This time, the stakes are even higher.
When salary figures were exchanged on Jan. 20, Howard asked for $18 million, the third-highest request since the process began in 1974, with the Phillies also offering the third-highest salary, at $14 million.
The date for the hearing hasn't been released, but it will be scheduled at some point from Feb. 2-22.
Howard and first-year general manager Ruben Amaro Jr. can still come to terms on a contract at any time before the scheduled hearing, but whether or not that will happen remains to be seen.
When reached by phone recently, Amaro did not want to comment on the club's negotiations with Howard, simply saying: "Obviously, we'd be happy to get all of our players signed. We're just going to see how it goes, and if we have to go [to arbitration], then that's what we'll do."
Win or lose, Howard will be the highest-paid player on the Phillies again.
In fact, his request is nearly double the record for a position player in his second year of arbitration, with the previous high being Derek Jeter -- who asked for $10.5 million in 2000 before settling with the Yankees for $10 million. Currently, only 11 other players in the Major Leagues have contracts with an average annual value of $18 million or more.
"It's difficult in Ryan's case because he's really in uncharted waters," Amaro told The Philadelphia Daily News last week. "He's had the kind of success that's kind of beyond anybody who's been in his position."
Amaro wasn't kidding.
Howard's request comes after a season in which he led the Major Leagues with 48 home runs and 146 RBIs, further adding to an impressive big league resume.
In his first full season, Howard won the National League Rookie of the Year Award. In his second, he was named NL MVP. And over the past three years, no player in baseball has hit more home runs (153) or driven in more runs (431).
If he wins his case, the 29-year-old would have the second-highest annual salary among Major League first basemen, trailing Mark Teixeira ($22.5 million) and overtaking perennial All-Star Albert Pujols ($14.285 million).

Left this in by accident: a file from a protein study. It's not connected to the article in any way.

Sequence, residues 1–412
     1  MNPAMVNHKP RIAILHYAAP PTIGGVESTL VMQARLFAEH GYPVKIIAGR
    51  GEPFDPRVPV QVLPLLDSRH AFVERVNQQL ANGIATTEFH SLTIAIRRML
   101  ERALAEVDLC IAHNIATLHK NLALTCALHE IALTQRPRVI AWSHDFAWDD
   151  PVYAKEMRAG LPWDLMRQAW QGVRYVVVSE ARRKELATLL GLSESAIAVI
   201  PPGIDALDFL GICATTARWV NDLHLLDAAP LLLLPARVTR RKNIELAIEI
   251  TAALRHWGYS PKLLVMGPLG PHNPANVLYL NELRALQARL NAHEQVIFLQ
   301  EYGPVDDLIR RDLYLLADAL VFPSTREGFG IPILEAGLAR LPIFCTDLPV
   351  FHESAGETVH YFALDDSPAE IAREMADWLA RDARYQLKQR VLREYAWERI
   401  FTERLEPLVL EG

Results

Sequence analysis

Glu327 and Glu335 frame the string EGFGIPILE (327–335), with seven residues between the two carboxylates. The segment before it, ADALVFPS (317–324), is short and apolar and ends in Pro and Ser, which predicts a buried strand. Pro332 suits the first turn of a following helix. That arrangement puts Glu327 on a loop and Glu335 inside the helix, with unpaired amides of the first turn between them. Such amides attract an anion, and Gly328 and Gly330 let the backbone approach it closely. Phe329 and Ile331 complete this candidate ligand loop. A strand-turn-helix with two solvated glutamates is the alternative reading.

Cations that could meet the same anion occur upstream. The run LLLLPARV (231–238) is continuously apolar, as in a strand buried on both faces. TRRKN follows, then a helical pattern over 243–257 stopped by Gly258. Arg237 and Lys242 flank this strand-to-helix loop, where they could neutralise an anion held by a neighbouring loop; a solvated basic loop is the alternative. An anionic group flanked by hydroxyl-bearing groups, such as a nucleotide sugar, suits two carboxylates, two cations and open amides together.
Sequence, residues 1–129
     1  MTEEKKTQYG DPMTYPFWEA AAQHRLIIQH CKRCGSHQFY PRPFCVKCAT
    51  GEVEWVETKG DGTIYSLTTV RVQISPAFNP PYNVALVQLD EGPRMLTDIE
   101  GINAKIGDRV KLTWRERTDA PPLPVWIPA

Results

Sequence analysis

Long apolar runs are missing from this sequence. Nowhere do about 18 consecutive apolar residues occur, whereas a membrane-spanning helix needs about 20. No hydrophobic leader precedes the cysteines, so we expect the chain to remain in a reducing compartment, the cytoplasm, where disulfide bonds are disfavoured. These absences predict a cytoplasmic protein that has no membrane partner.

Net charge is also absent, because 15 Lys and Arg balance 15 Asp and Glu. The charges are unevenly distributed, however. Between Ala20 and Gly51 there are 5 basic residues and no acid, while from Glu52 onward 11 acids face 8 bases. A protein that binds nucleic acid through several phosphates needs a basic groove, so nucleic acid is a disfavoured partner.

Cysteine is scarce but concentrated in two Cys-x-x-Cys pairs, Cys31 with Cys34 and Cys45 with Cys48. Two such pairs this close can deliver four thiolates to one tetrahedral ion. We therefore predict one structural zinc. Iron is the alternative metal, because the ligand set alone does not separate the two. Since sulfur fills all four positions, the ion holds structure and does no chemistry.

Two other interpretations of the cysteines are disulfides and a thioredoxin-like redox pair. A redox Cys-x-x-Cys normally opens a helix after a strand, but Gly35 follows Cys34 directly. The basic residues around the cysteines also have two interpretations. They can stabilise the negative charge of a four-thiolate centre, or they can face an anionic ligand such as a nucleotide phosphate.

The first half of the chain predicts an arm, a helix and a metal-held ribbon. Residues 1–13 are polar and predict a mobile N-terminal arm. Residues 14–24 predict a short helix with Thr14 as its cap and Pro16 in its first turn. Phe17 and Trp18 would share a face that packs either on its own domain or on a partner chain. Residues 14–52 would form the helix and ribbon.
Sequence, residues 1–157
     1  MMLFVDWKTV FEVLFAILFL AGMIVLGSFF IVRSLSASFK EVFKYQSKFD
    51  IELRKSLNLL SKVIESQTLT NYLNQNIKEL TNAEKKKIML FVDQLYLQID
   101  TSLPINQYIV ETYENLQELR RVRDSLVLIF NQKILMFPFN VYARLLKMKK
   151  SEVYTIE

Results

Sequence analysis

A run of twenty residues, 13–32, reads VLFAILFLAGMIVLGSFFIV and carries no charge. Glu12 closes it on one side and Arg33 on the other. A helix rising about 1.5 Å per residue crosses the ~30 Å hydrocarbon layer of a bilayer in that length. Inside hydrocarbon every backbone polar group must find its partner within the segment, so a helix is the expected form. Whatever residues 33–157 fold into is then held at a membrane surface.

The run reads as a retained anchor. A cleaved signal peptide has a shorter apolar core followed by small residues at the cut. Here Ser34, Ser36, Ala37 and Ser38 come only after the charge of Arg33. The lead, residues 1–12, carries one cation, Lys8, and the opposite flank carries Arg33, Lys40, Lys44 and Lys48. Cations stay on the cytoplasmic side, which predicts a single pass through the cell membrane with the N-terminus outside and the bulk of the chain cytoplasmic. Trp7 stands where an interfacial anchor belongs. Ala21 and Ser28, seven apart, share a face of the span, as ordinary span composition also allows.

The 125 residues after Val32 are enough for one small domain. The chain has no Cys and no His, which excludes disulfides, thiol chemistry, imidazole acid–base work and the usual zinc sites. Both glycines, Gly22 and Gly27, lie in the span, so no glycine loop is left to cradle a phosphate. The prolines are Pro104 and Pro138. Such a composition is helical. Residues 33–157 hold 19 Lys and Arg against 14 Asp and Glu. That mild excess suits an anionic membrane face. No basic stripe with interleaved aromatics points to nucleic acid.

While both those players sport higher career batting averages than Howard's .279, their home run and RBI totals over the past three years don't come close. Teixeira has hit 96 home runs and driven in 336 runs, while Pujols has hit 118 homers with 356 RBIs.
Last year, when the Phillies proposed $7 million at the hearings, Pujols was the player who came to mind. In 2003, after Pujols' third year in the Majors, the right-handed-hitting slugger was coming off a season in which he hit .359 with 43 home runs and 124 RBIs. That offseason, he asked for $10.5 million, while the Cardinals countered with $7 million. Instead of going before an arbitrator, however, Pujols wound up signing a seven-year, $100 million deal and made that $7 million his first season of the contract.
This time around, the arbitration comparisons aren't really there.
But one player who may come close in terms of production and value is Tigers infielder Miguel Cabrera, who will make $15 million this season in what would've been his third arbitration year. Last season, Cabrera -- currently signed to an eight-year, $152 million contract -- hit .292 with 37 home runs and 127 RBIs.
In the end, it may come down to the panel deciding whether Howard is worth more or less than the 25-year-old Cabrera.
But while the anticipation about his potential financial gain keeps building, Howard has been working out at his club's Spring Training home in Clearwater, Fla., since Jan. 5. On Wednesday night, while appearing on Comcast SportsNet's "SportsNite" program, he was asked how he would feel about a long-term deal.
"That would be beautiful," said Howard, who has registered three-plus years of service time, making him ineligible for free agency until after the 2011 season. "That would be something we would want to see happen.
"Maybe we'll be able to get something worked out."
One way or another, Howard and the Phillies will.